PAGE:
Tuesday, May 10, 2011

Luke 24:13-20 - Road to Emmaus

Scripture Luke 24:13-20

That very day two of them were going to a village named Emma'us, about seven miles from Jerusalem, and talking with each other about all these things that had happened. While they were talking and discussing together, Jesus himself drew near and went with them. But their eyes were kept from recognizing him.

And he said to them, "What is this conversation which you are holding with each other as you walk?" And they stood still, looking sad. Then one of them, named Cle'opas, answered him, "Are you the only visitor to Jerusalem who does not know the things that have happened there in these days?" And he said to them, "What things?" And they said to him, "Concerning Jesus of Nazareth, who was a prophet mighty in deed and word before God and all the people, and how our chief priests and rulers delivered him up to be condemned to death, and crucified him.

As Catholics, we celebrate Easter for 50 days from Easter Sunday to Pentecost. Recently, Life on the Rock had on Brant Pitre to help us unpack the marvellous gift of Jesus’ resurrection for us. At times, practically speaking, the resurrection is the forgotten aspect of the paschal mystery, but it is the entire paschal mystery that is salvific for us – His suffering death and resurrection.

Christian discipleship means picking up your cross and following Jesus, but without the hope of Jesus’ resurrection, this would be an unbearable task. Placing our hope in Him means making Him the goal of our lives. He is the one we keep our eyes on and trust that He has done the work of our redemption. He has accomplished the victory in our weak and sinful humanity.

Remember the story of the two disciples on the road to Emmaus. It was the first day of the week. Jesus had just been crucified. Their hope for the Messiah was crushed and they were leaving Jerusalem. They were leaving the twelve and other disciples. It was over.

Jesus comes alongside them and walks with them explaining the Scriptures to them. They were kept from recognizing Him. He tells them, “Was it not necessary that the Christ should suffer these things and enter into his glory?” When they arrived at the village, they asked Him to stay with them, and they recognized Him in “the breaking of the bread.” “Did our hearts not burn, when He opened the Scriptures to us?” they exclaimed. Then they returned to Jerusalem to tell the others about what had happened.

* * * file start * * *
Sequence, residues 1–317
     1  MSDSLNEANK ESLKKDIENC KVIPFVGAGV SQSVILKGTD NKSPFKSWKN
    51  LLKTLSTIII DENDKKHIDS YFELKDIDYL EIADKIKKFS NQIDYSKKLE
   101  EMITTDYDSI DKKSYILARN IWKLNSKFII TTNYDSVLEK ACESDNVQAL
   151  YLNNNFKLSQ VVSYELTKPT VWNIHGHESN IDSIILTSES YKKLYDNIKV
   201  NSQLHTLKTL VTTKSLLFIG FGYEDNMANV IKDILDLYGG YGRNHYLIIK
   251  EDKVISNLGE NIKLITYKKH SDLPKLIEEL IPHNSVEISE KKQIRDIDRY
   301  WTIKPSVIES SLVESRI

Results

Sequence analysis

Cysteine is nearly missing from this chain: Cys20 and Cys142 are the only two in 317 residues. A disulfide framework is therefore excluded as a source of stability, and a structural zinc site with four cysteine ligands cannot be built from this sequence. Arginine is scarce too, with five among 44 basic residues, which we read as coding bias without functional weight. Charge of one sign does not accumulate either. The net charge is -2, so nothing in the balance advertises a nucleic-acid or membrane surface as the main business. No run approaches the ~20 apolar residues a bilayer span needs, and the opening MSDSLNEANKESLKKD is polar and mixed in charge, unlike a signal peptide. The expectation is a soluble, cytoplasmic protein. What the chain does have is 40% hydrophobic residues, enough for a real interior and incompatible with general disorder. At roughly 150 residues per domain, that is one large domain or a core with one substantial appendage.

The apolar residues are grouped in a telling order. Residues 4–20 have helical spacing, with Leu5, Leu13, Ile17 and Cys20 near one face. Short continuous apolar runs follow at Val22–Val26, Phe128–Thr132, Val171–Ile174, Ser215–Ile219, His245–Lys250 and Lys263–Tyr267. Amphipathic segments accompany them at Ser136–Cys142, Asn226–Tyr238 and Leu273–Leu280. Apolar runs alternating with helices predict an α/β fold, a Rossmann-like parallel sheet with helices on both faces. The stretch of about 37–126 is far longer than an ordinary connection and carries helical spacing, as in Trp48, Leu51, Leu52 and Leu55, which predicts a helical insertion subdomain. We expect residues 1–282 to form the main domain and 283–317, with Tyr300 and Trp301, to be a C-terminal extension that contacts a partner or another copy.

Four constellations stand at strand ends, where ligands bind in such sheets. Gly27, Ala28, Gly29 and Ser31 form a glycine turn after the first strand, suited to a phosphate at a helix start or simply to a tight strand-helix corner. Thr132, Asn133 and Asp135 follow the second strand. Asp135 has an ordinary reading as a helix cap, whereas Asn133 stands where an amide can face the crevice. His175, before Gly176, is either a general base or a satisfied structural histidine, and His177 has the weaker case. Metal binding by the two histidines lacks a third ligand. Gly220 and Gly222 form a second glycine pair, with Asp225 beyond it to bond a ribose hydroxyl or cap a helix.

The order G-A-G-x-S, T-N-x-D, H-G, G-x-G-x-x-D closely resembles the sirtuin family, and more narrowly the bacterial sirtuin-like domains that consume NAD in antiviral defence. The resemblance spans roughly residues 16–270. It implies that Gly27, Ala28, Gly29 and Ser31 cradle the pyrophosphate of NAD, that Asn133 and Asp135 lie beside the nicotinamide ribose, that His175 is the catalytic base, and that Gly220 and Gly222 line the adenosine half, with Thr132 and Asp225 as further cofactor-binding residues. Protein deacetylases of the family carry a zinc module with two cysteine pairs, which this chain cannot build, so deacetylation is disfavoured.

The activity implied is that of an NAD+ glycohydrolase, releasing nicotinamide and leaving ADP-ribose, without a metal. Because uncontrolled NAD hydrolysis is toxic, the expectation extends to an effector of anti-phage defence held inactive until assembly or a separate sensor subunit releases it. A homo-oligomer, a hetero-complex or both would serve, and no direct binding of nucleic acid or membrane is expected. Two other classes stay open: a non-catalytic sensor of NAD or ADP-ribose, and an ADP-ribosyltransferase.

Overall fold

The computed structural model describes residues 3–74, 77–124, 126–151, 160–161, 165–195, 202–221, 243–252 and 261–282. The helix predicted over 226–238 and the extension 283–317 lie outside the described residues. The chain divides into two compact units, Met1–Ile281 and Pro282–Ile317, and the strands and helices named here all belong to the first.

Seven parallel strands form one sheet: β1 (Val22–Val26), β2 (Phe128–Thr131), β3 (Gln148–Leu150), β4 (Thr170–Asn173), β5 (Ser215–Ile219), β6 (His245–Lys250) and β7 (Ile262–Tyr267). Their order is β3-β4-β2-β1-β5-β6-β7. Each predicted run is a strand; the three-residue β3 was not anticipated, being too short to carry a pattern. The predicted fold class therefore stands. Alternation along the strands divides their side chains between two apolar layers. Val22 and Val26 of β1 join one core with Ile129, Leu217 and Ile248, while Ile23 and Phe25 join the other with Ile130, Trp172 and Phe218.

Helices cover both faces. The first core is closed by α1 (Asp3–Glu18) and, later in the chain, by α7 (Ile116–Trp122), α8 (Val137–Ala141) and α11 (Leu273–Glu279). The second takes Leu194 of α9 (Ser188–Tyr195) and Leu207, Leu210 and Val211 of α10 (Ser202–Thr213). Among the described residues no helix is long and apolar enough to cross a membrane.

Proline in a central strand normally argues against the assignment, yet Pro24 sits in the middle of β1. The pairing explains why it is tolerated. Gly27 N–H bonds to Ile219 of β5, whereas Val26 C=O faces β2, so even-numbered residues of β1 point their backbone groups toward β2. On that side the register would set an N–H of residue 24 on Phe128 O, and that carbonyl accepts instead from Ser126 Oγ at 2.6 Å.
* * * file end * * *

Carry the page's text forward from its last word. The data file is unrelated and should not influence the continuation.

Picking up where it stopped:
At times, we are all on the road to Emmaus. The Scriptures tell us that it is seven miles from Jerusalem, but its exact location is unknown to us today. I like this sense of mystery around this little village because, in a way, we can all be heading there when we are dejected about things in our lives. We can ask, “Where is Jesus in all of this?”

At times such as these, we must believe in the truth of the resurrection. He has risen from the dead. Our hope is not in the world and things going well for us, but our hope is in Him. He is the Resurrection and the Life. He has wrought our salvation. He has won the victory, and if we, as disciples, belong to Him, we will rise with Him.

The resurrection gives us hope because Christ has won the victory for us. It is not all up to me. I cooperate with His grace with my own efforts, but in Him is our salvation. He “draws near to us” in the Scriptures and certainly in the Eucharist. There, we will find strength and receive His life.

Source: Fr. Mark EWTN

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